TARGETING DNA DAMAGE RESPONSE: At the Forefront of Emerging Concepts and Strategies

Activity Details
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  • Cost: Free
  • Release: Jul 6, 2017
  • Expires: Jul 6, 2018
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Needs Statement

DNA damage response (DDR) plays a key role in maintaining genomic integrity of the cell, and is involved in a host of other important physiologic processes.1 Its disruption, with consequent genomic instability, is one of the hallmarks of cancer. Targeting the aberrant DDR in cancer cells further limits their already compromised capacity for DNA repair and causes even greater genomic instability, stress, and, ultimately, cell death. Recently, this concept of “synthetic lethality” has been clinically validated with the approval of the poly ADP-ribose polymerase (PARP) inhibitors for the treatment of patients with BRCA mutation-positive ovarian cancer.2-4

With numerous DDR inhibitors currently in pre-clinical and clinical development, careful consideration of their mechanisms of action is necessary to maximize their therapeutic potential. For example, DDR-targeting drug combinations have the potential to provide broader and more effective response than DDR-targeting monotherapy. Moreover, combinations of DDR inhibitors and immunotherapy have the potential to broaden and deepen patient responses, and the clinical trials investigating the combination of a PARP inhibitor with immunotherapy are now in progress. Ultimately, in order to maximize the rational clinical development and clinical utility of DDR inhibitors, incorporation of translational studies and a closer collaboration between scientists and clinicians will be paramount.2,4

1Matt S, Hofmann TG. Cell Mol Life Sci. 2016;73:2829-2850. 2O’Connor MJ. Mol Cell. 2015;60:547-560. 3Pearl LH, et al. Nat Rev Cancer. 2015;15:166-180. 4Brown JS, et al. Cancer Discov. 2017;7:20-37.

Target Audience

This activity is designed to meet the educational needs of medical and research oncologists.


At the conclusion of this activity, participants will be able to:

1. Describe the main signaling pathways, molecular players, and mechanisms guiding the DNA damage response (DDR) and its role in tumor suppression and tumorigenesis.

2. Appraise the rationale for combining DDR-targeting therapies and cancer immunotherapy, including immune checkpoint blockade.

3. Compare the current and emerging data on safety and efficacy of PARP inhibitors in patients with ovarian, breast, prostate, or pancreatic cancer.

4. Assess the current and emerging data on safety and efficacy of agents targeting ATR-, WEE1-, or ATM-mediated DDR in various types of solid tumors.

Faculty Disclosure

In accordance with the Food and Drug Administration, the speakers have disclosed that there is the potential for discussions concerning off-label uses of a commercial product/device during this educational activity.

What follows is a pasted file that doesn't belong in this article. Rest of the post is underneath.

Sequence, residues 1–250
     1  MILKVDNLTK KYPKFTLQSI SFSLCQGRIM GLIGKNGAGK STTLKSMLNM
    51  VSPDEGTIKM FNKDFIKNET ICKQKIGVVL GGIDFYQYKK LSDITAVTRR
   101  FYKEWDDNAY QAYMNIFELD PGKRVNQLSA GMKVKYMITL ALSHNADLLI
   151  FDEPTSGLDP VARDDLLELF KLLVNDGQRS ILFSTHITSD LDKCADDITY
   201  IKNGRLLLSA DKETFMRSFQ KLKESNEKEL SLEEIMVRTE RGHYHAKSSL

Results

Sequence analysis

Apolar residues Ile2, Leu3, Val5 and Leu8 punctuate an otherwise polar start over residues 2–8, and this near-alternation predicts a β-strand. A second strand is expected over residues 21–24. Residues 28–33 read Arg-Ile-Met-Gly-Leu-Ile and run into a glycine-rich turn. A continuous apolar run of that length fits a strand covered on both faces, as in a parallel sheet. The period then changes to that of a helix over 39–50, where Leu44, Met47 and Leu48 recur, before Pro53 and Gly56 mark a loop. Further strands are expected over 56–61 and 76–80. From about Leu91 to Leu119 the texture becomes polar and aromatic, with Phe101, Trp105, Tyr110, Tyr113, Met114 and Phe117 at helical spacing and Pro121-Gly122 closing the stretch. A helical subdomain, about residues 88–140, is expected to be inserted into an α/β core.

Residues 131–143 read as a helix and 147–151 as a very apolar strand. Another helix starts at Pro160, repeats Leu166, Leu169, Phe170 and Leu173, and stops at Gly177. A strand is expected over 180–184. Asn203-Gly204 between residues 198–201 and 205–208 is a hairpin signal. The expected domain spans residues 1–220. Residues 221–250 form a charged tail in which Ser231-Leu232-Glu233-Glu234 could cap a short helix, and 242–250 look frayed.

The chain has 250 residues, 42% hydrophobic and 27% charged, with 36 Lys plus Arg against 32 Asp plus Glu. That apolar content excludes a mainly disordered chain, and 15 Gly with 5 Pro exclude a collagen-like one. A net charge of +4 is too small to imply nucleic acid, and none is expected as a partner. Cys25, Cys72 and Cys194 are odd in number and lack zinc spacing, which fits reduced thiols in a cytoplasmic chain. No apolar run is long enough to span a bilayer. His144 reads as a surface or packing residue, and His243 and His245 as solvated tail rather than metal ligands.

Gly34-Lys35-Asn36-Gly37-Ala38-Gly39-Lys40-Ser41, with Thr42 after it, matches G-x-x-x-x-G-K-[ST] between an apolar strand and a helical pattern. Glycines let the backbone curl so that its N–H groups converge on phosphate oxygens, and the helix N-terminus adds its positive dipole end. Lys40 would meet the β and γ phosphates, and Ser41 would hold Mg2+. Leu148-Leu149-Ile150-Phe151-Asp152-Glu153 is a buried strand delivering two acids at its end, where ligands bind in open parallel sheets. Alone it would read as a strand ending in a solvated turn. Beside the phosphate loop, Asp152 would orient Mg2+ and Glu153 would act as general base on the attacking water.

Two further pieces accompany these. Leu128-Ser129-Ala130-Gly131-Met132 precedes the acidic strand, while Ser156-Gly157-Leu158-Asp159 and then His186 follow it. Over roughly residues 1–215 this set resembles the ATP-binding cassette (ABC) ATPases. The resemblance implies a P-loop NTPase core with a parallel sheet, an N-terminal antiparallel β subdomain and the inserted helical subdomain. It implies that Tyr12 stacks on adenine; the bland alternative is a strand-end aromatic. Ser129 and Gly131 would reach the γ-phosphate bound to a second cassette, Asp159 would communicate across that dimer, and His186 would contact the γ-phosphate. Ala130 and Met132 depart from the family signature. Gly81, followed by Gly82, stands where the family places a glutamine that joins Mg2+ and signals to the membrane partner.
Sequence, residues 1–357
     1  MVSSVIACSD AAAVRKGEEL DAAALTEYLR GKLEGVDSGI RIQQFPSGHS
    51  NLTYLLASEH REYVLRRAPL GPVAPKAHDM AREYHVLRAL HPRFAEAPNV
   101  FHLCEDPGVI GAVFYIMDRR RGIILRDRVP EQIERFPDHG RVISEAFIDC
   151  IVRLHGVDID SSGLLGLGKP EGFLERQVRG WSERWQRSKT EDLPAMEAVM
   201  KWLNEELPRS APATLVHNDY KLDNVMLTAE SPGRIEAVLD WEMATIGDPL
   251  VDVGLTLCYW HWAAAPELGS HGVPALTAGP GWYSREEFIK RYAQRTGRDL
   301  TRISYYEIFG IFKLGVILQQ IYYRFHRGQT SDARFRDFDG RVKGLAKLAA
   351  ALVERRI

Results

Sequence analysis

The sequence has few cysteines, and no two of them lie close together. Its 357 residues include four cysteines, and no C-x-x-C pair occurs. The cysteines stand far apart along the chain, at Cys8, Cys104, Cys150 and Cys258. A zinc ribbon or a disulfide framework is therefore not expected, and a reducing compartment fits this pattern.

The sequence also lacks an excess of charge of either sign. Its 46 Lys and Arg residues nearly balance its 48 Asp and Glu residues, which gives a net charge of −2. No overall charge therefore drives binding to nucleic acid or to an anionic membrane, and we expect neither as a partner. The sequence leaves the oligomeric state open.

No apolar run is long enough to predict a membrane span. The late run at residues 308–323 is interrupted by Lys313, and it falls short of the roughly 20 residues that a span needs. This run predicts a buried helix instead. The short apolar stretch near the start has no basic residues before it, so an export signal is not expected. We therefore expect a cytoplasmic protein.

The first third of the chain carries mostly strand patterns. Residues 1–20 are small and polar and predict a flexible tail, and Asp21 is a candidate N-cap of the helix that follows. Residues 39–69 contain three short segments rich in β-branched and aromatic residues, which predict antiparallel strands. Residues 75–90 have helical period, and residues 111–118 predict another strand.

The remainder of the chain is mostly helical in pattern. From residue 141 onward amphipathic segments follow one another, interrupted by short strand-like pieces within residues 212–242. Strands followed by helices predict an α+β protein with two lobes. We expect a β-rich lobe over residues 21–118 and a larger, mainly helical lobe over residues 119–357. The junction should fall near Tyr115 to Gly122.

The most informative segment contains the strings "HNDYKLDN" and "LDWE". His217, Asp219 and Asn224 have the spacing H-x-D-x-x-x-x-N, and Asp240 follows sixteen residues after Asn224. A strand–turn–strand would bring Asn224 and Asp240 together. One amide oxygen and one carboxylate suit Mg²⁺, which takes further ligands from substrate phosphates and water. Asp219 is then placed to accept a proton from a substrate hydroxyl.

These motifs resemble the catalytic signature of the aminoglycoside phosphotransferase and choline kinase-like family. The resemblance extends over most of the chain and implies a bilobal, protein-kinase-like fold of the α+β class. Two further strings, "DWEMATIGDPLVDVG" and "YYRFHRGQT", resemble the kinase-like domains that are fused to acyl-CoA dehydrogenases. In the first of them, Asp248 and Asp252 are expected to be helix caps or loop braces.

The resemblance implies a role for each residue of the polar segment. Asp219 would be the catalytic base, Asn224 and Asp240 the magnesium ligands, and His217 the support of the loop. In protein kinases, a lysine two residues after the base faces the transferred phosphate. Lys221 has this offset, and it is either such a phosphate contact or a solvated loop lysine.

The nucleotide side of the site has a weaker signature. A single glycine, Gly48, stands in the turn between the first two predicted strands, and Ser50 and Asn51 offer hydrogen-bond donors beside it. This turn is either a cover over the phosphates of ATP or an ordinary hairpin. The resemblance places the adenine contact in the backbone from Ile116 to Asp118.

Any person who may contribute to the content of this continuing education activity must disclose relevant relationships (and any known relationships of their spouse/partner) with commercial interests whose products or services are discussed in educational presentations. A commercial interest is defined as any entity producing, marketing, re-selling, or distributing healthcare goods or services consumed by, or used on, patients. Relevant relationships include receiving from a commercial interest research grants, consultant fees, travel, other benefits, or having a self-managed equity interest in a company.

Disclosure of a relationship is not intended to suggest or condone any bias in any presentation but is made to provide participants with information that might be of potential importance to their evaluation of a presentation.


Joan B. Fowler, PharmD, BCPP has no relevant financial relationships to disclose in relation to the content of this activity.

Vanessa Carranza, PharmD has no relevant financial relationships to disclose in relation to the content of this activity.


Johann S. de Bono, MB ChB, FRCP, MSc, PhD, FMedSci: Dr. de Bono has disclosed that he is a consultant for AstraZeneca, Bayer, Genmab, GlaxoSmithKline, Genentech, Merck, and Sanofi; he receives grant/research support from Astex, AstraZeneca, GlaxoSmithKline, Genentech, Merck, and Sanofi.

James M. Ford, MD: Dr. Ford has no relevant financial relationships to disclose in relation to the content of this activity.

Christopher Lord, DPhil: Dr. Lord has disclosed that he is a consultant for Pango Therapeutics, Sun Pharma, and Vertex; he is also a member of the speakers’ bureau for AstraZeneca.

Ursula Matulonis, MD: Dr. Matulonis has disclosed that she is a consultant for AstraZeneca, Cerulean, Clovis, Genentech, and Immunogen.

Peer Reviewer:

Susan M. Domchek, MD, has disclosed that her institution (University of Pennsylvania) receives grant/research support from Abbvie, AstraZeneca, Clovis, and Pharmamar.